Celebrating the animals of Africa!

The day in which we celebrate the recognition, significance and utmost importance of our magnificent animals is almost upon us! World Animal Day.

While some may know October 4th to be the official date of ‘World Animal Day’ since the early 90’s, it has since developed and grown into an entire month of animal awareness, animal welfare and animal protection.

Our Crossing Lodges family have always shown great appreciation and care for our Big (and Little) Five of Africa and how we have learnt to share this world with them for centuries. So let us take a deep dive and explore the history and importance of this special month as we celebrate our animals of Africa!


It was 1925 when a man named Heinrich Zimmermann organised the very first World Animal Day to raise the status of animals in order to improve welfare standards around the globe. This event, which took place at the Sport Palace in Berlin had a crowd of over 5,000 animal lovers! By 1931, World Animal Day became global during a world protection organisation conference in Florence, Italy before being celebrated by the Finnish Association of Animal Protection Associations in 2002.

Today, it is a global movement celebrated by animal-rights activists in more than 70 countries! Although it’s celebrated in different ways in countries, it has increased overall awareness, effective protection and education surrounding the wellbeing of all our animals and frankly – giving them a voice!


With both our lodges nestled in the heart of the Waterberg Wilderness, we are situated right in the very habitat of some of the world’s most fascinating animals. Since Africa is known to be the highest tourist attraction destination for sightings of these animals, we’ve decided to shed a light on a few of our favourites near our lodges and their current conservation status.

Tourches on? Now let’s take a look…

1 – THE AFRICAN ELEPHANT            

To imagine a world without these beautiful gentle giants is unthinkable. You will be stunned to find large herds of the African Elephant at Elephants Crossing. Although it may not seem like it to you, the African Elephant is extremely intelligent and are the largest mammals to walk the earth. Despite this, they are still frequently poached for their tusks and are sadly classified as “endangered.”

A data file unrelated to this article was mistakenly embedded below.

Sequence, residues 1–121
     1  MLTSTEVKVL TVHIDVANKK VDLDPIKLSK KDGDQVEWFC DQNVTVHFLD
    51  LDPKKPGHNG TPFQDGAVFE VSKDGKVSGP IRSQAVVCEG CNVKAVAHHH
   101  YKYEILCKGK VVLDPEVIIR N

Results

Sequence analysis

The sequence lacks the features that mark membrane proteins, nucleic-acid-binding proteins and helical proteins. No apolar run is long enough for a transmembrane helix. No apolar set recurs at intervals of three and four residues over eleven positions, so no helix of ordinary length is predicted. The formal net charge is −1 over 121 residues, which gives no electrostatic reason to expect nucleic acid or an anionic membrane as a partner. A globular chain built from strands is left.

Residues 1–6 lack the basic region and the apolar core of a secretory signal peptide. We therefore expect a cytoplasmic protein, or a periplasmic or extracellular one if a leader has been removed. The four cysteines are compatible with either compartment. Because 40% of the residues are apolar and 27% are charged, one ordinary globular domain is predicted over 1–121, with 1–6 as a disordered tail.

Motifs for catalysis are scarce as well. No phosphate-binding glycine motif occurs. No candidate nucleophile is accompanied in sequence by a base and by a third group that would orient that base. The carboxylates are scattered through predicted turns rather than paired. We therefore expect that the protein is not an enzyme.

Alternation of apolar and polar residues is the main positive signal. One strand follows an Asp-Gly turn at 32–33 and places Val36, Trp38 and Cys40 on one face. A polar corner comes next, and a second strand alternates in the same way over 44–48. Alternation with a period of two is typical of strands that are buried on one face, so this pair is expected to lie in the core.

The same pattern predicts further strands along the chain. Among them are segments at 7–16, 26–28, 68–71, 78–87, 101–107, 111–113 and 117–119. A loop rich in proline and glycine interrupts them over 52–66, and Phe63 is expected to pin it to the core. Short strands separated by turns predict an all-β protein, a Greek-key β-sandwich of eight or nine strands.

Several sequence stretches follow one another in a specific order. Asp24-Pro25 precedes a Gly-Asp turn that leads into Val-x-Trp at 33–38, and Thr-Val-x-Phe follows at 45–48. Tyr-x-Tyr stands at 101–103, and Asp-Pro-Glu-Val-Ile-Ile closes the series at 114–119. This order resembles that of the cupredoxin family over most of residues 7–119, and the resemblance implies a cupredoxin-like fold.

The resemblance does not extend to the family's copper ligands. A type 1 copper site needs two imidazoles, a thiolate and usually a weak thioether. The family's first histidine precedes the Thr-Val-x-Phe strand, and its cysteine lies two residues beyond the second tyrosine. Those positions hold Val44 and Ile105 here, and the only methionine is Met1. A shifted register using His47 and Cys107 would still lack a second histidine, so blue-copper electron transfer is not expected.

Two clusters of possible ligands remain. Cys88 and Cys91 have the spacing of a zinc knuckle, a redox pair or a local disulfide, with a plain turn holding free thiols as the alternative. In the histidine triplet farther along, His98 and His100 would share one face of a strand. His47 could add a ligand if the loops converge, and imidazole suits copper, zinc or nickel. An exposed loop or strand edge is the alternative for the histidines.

There are however many fundraisers and anti-poaching groups such as Save The Elephants that actively work to protect our elephants – you can visit their website to donate.


Our big cats! The most majestic, yet intimidating one of the ‘Big Five’ to spot while out exploring the bush. Lions play an important role in the food chain, by ensuring the balanced number of dominant herbivore species, such as zebra and buffalo. However, with the current rate of habitat loss and poaching, lions have been classified as being a “vulnerable” species and sadly are at risk of extinction within the next few decades.

There’s still a chance to play an active role in preventing this. Another foundation to support to save our lions is The African Wildlife Foundation – a global conservation organisation based in Africa.


As expected, we could not forget to mention our powerful and mighty Rhinos – the face of wildlife conservation! As many of us know by now, our rhinos suffer greatly out there in the wild. They are the most commonly poached animals in Africa. We are lucky to be able to pass them quite frequently out in the bush still proudly wearing their horns, all thanks to the Welgevonden Wildlife Protection Project. Whilst they are the most sought after animals by poachers, Africa has made incredible progress over the years of rhino conservation. After more than a century of protection and management, they are now classified as “Near Threatened” and around 18,000 exist in protected areas and private game reserves. You can join the movement or donate by keeping an eye out on organisations such as Save The Rhino.

Be sure to join us at Elephants Crossing or Zebras Crossing this coming Animal Month! Allow us to share the beauty of our African eco-system and the many animals that contribute to it!